This guest post has been written by London based artist Riitta Ikonen. We first met Riitta in 2008 when she installed a giant worm at our studio. We love her work and are very happy to be sharing her ‘postcards’ with you. The cards are now on display in YCN’s window at 72 Rivington St, London.
In 2004 a holiday project titled ‘Location Vocation Vacation’ called for mail art. One post card per week was to be sent as a document of experiences to Margaret Huber, my then second year Illustration tutor at the University of Brighton (Margaret’s thoughts on being the project’s official recipient follow below).
Around a hundred and fifty A6 sized cards have since been sent (and received) from all over the world. Hair, fish, a sachet of white powder, a piece of broken record, mossy bark… all dutifully delivered by postal workers. Only five cards have never reached their destination, (a few of those due to very poor crocheting). Margaret still receives mail at irregular intervals.
A selection of the cards have been published in the book ‘POSTCARD’ by Laurence King Publishing in 2008.
Sent as is from Exmouth in England.
Carved on a lovely afternoon at Fragrance Lake near Bellingham in Washington State in the US.
Christmas present red leather gloves.
I was very surprised to see this made it. The whole lump from Exmouth beach.
Chinatown, New York. The salesperson was very worried I’d eat these seeds unboiled.
See all of Riitta’s cards on her website: http://riittaikonen.com/projects/mail-art
Margaret Huber says:
Riitta started the postal project when she took part in a student exchange programme with Nagoya University during her second year at the University of Brighton. At the time, I was her second year illustration tutor and before she left for Japan we discussed ways to keep her own work going while studying in a very different educational environment. A postcard project that I had previously set as a summer project formed the basis of the idea as Riitta felt she could develop it further as a way to document her experiences abroad.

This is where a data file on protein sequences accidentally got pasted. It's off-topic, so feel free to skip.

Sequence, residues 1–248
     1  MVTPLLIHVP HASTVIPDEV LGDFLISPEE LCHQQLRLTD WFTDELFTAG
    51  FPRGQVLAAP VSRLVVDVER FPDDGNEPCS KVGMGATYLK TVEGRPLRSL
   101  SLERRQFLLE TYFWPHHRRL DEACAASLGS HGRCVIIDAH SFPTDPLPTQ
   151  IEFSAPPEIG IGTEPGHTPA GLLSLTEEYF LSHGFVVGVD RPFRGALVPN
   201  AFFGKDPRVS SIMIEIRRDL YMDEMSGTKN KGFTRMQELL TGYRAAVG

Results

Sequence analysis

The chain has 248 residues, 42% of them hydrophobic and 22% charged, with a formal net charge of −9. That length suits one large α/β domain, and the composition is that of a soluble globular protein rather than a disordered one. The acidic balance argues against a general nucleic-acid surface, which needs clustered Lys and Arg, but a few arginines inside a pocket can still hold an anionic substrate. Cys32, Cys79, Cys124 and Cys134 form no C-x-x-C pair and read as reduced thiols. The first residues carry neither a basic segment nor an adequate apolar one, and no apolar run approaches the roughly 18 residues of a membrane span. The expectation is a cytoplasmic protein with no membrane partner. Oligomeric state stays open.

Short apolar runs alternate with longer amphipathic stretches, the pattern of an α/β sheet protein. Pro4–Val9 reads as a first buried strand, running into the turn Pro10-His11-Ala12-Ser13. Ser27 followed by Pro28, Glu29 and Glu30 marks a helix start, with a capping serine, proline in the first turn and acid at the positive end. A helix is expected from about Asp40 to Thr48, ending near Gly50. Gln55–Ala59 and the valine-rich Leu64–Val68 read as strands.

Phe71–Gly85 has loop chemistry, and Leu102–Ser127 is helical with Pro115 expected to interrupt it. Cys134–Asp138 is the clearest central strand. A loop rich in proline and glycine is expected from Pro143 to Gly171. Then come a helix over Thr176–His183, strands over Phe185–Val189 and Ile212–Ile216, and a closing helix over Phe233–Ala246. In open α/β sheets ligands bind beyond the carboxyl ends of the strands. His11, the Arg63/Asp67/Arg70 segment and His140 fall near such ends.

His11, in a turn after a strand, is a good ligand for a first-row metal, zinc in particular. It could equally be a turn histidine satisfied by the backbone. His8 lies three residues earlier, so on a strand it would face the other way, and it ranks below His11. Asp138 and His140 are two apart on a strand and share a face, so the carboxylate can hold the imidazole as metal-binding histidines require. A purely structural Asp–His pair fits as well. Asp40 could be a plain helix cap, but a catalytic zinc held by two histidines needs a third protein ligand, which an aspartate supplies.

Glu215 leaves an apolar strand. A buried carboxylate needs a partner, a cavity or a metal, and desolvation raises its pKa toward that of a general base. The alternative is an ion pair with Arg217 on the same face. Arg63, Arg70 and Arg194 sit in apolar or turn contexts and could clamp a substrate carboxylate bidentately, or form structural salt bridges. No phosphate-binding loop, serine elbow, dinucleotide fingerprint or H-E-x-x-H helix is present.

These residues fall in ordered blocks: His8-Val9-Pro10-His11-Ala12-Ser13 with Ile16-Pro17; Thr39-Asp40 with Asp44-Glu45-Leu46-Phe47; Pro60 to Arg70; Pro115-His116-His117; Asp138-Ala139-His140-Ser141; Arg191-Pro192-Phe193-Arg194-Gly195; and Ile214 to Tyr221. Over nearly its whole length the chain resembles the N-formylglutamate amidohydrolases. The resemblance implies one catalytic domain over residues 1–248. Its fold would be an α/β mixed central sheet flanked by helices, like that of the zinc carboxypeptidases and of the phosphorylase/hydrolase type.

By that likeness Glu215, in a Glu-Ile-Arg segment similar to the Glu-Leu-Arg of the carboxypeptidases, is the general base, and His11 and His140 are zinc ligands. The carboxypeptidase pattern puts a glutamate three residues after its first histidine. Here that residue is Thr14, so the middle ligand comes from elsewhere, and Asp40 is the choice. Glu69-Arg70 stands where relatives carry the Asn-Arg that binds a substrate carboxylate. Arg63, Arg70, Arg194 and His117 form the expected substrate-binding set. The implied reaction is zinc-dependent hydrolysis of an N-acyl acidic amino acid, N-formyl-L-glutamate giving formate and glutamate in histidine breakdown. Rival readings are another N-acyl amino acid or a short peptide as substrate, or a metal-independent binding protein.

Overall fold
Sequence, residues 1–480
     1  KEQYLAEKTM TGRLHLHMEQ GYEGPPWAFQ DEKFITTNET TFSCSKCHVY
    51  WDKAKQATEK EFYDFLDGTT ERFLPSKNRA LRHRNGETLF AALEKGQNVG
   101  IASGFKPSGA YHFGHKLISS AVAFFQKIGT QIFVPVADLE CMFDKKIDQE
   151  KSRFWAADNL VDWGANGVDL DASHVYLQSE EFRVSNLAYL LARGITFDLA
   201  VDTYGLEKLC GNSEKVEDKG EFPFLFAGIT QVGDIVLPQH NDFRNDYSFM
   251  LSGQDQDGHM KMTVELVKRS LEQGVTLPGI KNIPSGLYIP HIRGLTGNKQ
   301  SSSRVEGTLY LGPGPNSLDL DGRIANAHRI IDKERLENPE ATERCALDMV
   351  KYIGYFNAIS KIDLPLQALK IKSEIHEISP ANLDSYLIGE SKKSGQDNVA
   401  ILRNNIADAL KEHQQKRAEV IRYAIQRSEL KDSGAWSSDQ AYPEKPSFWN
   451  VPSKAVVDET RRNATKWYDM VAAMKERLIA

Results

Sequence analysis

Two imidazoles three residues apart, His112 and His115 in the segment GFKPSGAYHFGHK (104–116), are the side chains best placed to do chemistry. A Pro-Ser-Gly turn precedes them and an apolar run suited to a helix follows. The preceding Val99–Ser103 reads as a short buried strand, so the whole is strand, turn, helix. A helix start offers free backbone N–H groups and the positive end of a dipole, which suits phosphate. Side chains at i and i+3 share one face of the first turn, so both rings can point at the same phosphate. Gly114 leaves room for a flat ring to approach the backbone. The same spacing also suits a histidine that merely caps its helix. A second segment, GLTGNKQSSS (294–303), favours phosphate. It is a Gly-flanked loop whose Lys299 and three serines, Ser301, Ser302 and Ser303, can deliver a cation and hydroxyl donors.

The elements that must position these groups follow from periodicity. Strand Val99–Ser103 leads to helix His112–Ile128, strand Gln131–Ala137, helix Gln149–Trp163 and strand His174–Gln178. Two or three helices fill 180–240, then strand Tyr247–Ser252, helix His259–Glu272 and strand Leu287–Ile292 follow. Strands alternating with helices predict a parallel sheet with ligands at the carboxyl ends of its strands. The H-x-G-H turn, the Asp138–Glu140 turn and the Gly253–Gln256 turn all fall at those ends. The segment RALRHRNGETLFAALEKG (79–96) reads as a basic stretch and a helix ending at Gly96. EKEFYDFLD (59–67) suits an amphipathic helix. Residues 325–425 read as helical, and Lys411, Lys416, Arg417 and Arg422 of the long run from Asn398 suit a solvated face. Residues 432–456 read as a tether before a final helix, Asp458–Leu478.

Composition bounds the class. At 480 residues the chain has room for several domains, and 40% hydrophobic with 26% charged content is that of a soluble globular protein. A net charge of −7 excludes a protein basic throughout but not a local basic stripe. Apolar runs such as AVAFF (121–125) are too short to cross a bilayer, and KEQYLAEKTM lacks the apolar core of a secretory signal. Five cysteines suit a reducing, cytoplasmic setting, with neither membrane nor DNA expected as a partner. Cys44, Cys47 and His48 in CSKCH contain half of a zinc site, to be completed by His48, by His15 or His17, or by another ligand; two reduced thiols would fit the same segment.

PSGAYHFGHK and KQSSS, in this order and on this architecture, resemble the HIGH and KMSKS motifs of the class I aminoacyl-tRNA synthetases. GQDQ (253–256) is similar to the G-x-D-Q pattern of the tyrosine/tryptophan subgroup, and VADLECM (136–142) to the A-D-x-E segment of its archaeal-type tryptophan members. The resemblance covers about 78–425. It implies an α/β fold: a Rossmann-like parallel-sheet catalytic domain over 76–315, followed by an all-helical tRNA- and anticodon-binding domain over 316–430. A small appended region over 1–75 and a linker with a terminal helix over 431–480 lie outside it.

As the postcards began to arrive in Brighton I soon realised that Riitta was not only recording her experiences, but also using the postcards to test the dedication, patience and humour of the postal system. Somehow circumventing official rules and regulations, the safe arrival of a clear plastic bag full of suspicious-looking white powder, or a neatly sewn cloth postcard with my address on a slip of paper carefully tucked into it’s pocket, was evidence of postal workers who were willing to participate in the game.
Being asked to choose a favourite from Riitta’s collection is difficult. In the years since the project began I have received postcards from all over the world. Each is a new and surprising treasure in it’s own right, but is made even stronger and more valuable when seen as part of a series. Whether constructed from bits of hair from a recent haircut or a piece of tree bark found on the northwest coast of America, all are true reflections of Riitta’s creative ingenuity and her unique view of the world.
Riitta’s postcards are a reminder that sometimes, small ideas can lead to an amazing body of creative work. I feel privileged to be the official recipient of Riitta’s extraordinary ongoing postal adventures. The project is an inspiration to everyone who sees it.